Without further delay, and because I’ve heard whispers that my speech in Deauville last year was a little long, I’m going to start by looking back at the essential events of the last cotton year and try to predict what they imply for the year ahead.
A year ago, with a few limited exceptions, harvests in the Northern hemisphere looked plentiful. The U.S. in particular recorded its biggest production of the last decade and the futures market was about to treat us to a near-continuous rise lasting almost seven months. Between mid-November 2017 and early June 2018, we saw the cotton spot price climb from approximately 68 to nearly 95 cents/lb. Spectacular. There were several catalysts for the rise and the market outlook was positive.
Firstly, record sales. U.S. export sales reached historic levels week after week compared to previous years. For example, the volume of on-call sales, i.e. at prices unfixed in the July 2018 contract, was double that recorded with the July 2016 contract.
Equally telling was the U.S. Department of Agriculture’s first estimate of cotton consumption for the 2017/2018 season, which was published in February 2017 and forecast a 2% rise. Around the date of our dinner last year, the USDA estimate was 3.5%. It now believes that the increase in consumption just topped 6%. That’s an exceptional performance and the biggest year-on-year rise in cotton consumption since the 2009/2010 season.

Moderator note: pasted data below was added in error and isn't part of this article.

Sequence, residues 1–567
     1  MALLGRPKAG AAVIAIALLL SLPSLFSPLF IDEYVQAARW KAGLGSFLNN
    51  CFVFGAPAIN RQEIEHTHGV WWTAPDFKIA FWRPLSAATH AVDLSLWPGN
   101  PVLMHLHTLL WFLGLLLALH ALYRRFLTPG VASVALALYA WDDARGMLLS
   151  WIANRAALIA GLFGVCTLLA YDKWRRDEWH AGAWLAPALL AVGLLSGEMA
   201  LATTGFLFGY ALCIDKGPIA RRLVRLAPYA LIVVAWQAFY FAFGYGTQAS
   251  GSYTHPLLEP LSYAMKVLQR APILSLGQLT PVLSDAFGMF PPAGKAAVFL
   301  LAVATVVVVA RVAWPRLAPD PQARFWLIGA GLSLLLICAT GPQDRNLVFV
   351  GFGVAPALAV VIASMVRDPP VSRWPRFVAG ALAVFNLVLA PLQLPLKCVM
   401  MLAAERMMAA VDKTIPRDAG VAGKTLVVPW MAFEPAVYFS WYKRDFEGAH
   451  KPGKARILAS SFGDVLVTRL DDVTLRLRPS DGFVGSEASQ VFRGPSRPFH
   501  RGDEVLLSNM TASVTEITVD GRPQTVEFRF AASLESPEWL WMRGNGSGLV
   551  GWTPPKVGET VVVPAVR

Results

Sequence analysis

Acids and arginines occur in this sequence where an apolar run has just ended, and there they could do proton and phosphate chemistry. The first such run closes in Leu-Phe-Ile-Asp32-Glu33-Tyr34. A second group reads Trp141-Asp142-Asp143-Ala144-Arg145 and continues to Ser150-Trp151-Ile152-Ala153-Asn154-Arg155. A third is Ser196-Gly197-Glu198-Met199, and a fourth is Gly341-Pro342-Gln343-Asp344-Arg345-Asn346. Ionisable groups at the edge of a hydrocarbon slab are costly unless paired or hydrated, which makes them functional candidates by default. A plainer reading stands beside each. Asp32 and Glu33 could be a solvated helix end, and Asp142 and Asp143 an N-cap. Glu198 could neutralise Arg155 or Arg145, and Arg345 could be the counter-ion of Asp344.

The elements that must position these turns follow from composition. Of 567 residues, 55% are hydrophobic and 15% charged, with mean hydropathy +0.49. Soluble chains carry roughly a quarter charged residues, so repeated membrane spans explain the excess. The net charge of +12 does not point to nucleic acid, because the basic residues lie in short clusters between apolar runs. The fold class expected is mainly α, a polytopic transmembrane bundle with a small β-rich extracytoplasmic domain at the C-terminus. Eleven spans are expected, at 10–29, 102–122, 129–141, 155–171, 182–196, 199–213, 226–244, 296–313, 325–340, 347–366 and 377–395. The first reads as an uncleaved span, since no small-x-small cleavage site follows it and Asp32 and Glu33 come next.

Another major factor in this year’s market rise is linked to speculators, the so-called non-commercial dealers.
Until mid-2016, the speculators’ openly long position rarely exceeded around 70,000 futures contracts. Since mid-2016, we’ve seen renewed interest in the cotton market from these long speculators.
On the date of last year’s dinner, the position was slightly less than 65,000 contracts. It fell to just below 60,000 at its lowest point in November before soaring, more than doubling, and reaching approximately 130,000 long contracts on 23 January, the level again approached when the market itself soared in late May/early June.
Finally, Chinese demand. The spectacular reduction in Chinese state reserves has directly intensified speculation over the timescales for restarting Chinese imports, in much greater volumes than in recent years. The Chinese reserve released 3.2 million tonnes of cotton onto its domestic market in 2017 and 2.5 million tonnes between May and late September this year. When China decides that its stockpile has returned to acceptable levels, imports should then offset the destocking. Tantalizingly, the stage was set and the rise remarkable.